With four World Series victories since 2004, Red Sox fans are quite familiar with the concept of pride in their favorite team. And next month, there will be another reason for Boston’s LGBTQ fanbase and their allies to be proud.
The Sox are hosting the seventh annual Pride Night at Fenway Park on Tuesday, June 11.
Before that evening’s contest, the Sox will present a pregame Pride Party on Fenway’s Right Field Roof Deck with ticket proceeds benefiting the Boston Pride organization. Tickets sell for $32 and $34, and are available here.
Additionally, the Red Sox are promising “a special group” will be on hand to sing the national anthem before the game. During last year’s Pride Night, that duty was handled by Boston Gay Men’s Chorus.
In conjunction with this special event, Boston Pride is raffling off the opportunity to throw out a first pitch on the same Fenway Park mound trod by an endless roster of baseball legends from Babe Ruth to Pedro Martínez.
The raffle tickets cost $100, and in addition to the first pitch opportunity, the winner receives four tickets to watch the game from the comfort of Fenway’s State Street Pavilion, as well as dinner for four at Sweet Cheeks, a neighborhood barbecue restaurant.
The drawing takes place on June 1 as part of Faneuil Hall’s Pride Day festivities and proceeds benefit Boston Pride and Victory Programs.
When a civic institution as important to Boston as the Red Sox openly celebrates its LGBTQ fan base, it’s especially noteworthy given the struggles and prejudice that the community still faces in the team’s hometown. It took until 2015 for LGBTQ rights organizations such as Boston Pride and OutVets to be allowed to march in the city’s annual St. Patrick’s Day Parade, after previous attempts were met with vocal hostility and beer bottle attacks. An unsuccessful attempt to bar them from marching again was made as recently as 2017.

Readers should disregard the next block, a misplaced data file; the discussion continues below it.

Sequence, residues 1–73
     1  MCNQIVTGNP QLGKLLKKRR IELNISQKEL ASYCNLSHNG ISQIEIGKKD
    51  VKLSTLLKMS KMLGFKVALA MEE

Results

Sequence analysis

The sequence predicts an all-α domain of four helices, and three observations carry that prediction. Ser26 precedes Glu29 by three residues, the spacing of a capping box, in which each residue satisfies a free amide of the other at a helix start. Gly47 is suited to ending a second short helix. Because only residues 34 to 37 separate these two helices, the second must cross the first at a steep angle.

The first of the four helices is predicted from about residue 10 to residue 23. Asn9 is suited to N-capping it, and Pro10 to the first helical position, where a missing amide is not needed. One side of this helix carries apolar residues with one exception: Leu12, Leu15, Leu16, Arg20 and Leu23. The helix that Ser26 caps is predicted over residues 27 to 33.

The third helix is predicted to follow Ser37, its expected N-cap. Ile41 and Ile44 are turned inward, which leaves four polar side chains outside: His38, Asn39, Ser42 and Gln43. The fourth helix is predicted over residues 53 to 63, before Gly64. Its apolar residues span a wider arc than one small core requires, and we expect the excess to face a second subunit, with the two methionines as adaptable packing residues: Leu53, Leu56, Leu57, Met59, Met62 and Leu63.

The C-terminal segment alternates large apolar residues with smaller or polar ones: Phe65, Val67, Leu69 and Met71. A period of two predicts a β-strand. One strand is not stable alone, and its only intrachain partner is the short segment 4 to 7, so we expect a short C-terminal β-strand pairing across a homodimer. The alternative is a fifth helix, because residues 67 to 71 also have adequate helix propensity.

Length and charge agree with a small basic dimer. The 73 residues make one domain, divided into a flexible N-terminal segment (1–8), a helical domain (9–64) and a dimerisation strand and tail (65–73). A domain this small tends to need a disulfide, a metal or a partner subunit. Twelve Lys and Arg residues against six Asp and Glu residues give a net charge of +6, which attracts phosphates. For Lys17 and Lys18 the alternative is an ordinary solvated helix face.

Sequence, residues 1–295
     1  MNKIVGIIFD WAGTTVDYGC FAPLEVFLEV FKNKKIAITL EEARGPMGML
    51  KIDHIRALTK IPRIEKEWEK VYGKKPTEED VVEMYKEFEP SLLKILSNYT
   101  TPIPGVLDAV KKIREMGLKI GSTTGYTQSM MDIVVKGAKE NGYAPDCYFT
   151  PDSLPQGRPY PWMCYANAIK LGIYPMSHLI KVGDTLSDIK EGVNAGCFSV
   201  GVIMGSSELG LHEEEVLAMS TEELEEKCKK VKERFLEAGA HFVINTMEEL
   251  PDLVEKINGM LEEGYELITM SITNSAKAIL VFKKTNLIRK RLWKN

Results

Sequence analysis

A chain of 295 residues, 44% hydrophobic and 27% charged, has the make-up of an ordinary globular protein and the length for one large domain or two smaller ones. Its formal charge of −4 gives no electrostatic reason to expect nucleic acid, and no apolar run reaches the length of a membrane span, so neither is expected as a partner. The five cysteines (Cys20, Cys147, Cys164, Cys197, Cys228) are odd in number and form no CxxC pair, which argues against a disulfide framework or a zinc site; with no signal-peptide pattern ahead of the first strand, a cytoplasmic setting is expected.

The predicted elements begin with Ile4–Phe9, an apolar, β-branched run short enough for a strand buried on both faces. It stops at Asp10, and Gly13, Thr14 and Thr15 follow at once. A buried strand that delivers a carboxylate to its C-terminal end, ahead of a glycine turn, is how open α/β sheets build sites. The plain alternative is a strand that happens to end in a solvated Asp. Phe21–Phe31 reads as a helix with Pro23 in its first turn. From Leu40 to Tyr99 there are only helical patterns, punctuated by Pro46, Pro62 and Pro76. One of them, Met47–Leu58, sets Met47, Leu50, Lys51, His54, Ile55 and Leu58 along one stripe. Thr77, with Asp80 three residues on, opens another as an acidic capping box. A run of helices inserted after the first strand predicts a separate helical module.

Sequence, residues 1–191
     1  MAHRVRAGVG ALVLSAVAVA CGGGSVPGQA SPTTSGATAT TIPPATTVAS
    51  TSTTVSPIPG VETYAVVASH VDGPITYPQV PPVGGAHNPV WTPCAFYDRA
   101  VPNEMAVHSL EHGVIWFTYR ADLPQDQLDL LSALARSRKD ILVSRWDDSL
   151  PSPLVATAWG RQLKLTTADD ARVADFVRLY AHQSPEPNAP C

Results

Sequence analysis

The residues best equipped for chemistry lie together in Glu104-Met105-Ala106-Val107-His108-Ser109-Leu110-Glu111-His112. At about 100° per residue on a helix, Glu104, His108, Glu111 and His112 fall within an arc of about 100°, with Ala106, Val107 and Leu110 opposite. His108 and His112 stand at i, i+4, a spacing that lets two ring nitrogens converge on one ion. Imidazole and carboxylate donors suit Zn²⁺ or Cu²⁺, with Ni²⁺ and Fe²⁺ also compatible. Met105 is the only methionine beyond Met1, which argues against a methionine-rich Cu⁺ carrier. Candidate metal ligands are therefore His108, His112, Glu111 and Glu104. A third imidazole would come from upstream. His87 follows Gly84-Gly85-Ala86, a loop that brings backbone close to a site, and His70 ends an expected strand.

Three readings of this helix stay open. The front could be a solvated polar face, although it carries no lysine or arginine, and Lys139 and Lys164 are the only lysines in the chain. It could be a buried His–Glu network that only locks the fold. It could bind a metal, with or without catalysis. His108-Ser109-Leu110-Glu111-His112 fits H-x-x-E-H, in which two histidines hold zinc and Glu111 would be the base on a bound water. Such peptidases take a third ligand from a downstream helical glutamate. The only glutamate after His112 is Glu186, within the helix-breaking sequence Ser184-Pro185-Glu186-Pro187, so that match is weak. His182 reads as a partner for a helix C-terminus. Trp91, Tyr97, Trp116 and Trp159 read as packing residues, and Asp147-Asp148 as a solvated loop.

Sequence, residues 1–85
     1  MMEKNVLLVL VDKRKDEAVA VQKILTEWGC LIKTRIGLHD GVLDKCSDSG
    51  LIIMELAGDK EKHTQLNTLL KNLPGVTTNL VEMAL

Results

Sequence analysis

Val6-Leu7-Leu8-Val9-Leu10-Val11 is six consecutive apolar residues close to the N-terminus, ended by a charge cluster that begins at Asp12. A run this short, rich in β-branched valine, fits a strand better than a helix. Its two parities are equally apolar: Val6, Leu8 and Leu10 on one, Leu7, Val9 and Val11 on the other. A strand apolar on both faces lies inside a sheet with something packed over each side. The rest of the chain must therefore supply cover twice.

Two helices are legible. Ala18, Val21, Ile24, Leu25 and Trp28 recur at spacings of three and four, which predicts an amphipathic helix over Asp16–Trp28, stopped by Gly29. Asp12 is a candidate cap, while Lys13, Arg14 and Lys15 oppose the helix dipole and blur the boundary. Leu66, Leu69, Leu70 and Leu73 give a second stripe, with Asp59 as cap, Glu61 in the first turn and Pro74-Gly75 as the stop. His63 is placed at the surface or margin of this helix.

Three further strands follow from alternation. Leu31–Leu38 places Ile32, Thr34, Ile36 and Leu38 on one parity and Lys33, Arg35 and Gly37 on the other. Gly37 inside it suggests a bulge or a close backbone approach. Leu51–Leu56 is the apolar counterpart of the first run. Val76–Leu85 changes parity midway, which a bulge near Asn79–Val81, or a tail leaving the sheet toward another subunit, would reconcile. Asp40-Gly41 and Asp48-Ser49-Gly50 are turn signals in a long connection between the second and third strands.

Even a simple gesture of solidarity such as painting the Red Sox logo in rainbow colors on the Fenway mound during last year’s Pride Night was met with a slew of internet trolls. In response to the logo, the Red Sox social media feed was filled with angry fans crying “when’s the straight night?” and demanding that the Sox “promote real marriage between a man and a woman.”
So it’s especially encouraging that the Red Sox didn’t give such bigotry even a moment’s consideration when scheduling another Pride Night for this season. It sends a message that Boston Pride is David Ortiz and the bigots are the 2004 Yankees. There’s no way they’re ever going to win.
It’s also worth noting that Boston’s opponents that evening are the Texas Rangers, one of two teams in MLB who will not be hosting a Pride Night in 2019. The Houston Astros are the other. Astute readers will note that both of these teams have something in common. Everything is bigger in Texas, with the exception of a sense of inclusion.
This is one game where, regardless of which team you root for, everyone should love that dirty water.